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What Should I Know about Repossession?

Falling behind on payments on a vehicle can be a frightening experience especially if the lender notifies you of intent to repossess. Most of us realize when we purchase a new vehicle that repossession is a possibility, but we skim the portion of the sales contract assuming it will never happen to us.

But what if it does happen to you? What can you do if the unexpected occurs and your financial situation causes you to fall behind on car payments?

Here’s what you need to know:

  • Repossession can occur if you are in default on your vehicle loan. It can also occur in some cases if you fail to insure the vehicle.
  • In many instances, a vehicle can be repossessed without prior notice, as long as you are behind on payments.
  • Lenders are not permitted to use physical force or threaten to do so when repossessing your property. The law states they cannot “breach the peace,” during the repossession, but what this means varies from situation to situation.
  • In most cases, lenders are permitted to trespass onto your property to repossess a vehicle. They might also be able to alter the property to make removal of the vehicle easier.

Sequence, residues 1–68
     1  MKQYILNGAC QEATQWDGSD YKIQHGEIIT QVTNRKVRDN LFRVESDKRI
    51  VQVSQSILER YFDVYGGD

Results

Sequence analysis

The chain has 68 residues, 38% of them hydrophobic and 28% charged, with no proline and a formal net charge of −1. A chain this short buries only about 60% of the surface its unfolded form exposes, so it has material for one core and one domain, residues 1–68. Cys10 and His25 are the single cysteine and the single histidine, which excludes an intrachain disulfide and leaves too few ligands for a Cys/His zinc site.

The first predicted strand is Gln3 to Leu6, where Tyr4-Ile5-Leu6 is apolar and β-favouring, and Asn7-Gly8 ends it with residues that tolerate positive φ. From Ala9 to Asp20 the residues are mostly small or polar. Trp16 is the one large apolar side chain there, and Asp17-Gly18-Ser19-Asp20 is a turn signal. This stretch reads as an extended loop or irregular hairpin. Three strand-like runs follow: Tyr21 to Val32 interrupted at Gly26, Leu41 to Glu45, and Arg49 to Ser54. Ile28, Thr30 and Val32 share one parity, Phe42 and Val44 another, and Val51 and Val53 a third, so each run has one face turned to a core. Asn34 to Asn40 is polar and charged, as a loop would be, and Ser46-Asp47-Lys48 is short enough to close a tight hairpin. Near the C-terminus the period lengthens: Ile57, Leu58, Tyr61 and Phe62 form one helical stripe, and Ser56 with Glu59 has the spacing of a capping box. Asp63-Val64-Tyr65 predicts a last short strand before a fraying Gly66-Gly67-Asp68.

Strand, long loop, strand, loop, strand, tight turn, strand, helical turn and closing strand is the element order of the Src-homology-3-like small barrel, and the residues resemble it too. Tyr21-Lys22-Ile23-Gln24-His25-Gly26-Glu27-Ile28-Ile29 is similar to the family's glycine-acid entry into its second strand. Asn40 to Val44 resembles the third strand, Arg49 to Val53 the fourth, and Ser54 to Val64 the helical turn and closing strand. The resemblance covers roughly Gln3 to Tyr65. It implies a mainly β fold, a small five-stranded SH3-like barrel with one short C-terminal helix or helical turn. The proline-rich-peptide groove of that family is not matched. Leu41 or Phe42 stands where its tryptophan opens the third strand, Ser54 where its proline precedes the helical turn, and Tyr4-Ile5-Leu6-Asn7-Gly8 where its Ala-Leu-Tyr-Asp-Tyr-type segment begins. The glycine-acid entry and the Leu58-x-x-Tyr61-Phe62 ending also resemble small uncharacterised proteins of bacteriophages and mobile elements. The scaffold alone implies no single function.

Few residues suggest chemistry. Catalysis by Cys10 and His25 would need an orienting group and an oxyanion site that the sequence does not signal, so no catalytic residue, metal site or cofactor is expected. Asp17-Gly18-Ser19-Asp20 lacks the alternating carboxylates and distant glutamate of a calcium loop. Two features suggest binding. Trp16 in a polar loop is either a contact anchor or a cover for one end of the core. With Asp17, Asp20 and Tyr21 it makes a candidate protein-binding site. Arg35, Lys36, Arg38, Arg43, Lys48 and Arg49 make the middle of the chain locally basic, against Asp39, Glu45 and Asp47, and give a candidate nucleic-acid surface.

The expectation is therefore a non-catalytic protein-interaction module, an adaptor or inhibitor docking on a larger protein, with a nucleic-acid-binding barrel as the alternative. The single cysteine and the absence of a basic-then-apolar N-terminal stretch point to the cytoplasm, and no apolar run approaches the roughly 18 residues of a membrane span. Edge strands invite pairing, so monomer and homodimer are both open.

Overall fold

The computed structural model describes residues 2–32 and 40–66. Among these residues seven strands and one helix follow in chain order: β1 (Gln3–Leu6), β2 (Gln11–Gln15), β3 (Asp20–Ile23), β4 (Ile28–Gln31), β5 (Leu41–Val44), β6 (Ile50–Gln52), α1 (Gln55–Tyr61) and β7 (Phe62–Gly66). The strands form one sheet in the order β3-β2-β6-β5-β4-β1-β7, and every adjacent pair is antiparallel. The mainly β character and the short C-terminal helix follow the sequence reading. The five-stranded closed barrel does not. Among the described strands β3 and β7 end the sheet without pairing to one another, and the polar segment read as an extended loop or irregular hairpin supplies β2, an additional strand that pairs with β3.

• In most cases, a lender will need to notify you of their intent for the property following the repossession. For instance, if the intent is to auction the item, you must be informed of the time, date, and location of the auction. Depending on the circumstances of the sale, you might have the right to contest the sale, which is one of the reasons it is important to consult an attorney.
  • If there were any personal items in your vehicle during its repossession, they should be returned to you.
  • You might still be responsible for the amount of money you owe on a vehicle loan, even if the vehicle is repossessed. Never assume repossession is a “solution” to your financial challenge! The lender will still have the authority to pursue a judgment against you for the remaining balance of the loan.
  • Prior to the sale of the repossessed item, you might have a right to cure – which means you can pay the balance of what you owe in full, in addition to repossession costs, and the vehicle will be returned to you. You might also have the option to buy the vehicle at auction.
  • Filing for bankruptcy triggers an automatic stay, which means the lender will be prevented from selling your vehicle without special permission from the court. At the very least, it stops the immediate action and gives you time to decide how best to handle the situation. For more information on what an automatic stay can accomplish, view this information provided by Cornell University Law School.

Specific repossession laws vary from state to state, which is why it is important to work with an attorney familiar with the laws in your state.

If you are concerned about repossession, your vehicle was recently repossessed, or you are struggling financially and believe bankruptcy could provide a solution, we can help. Contact the Law Offices of Robert M. Geller at 813.254.5696 to schedule a consultation or to discuss your case and determine your next best step.

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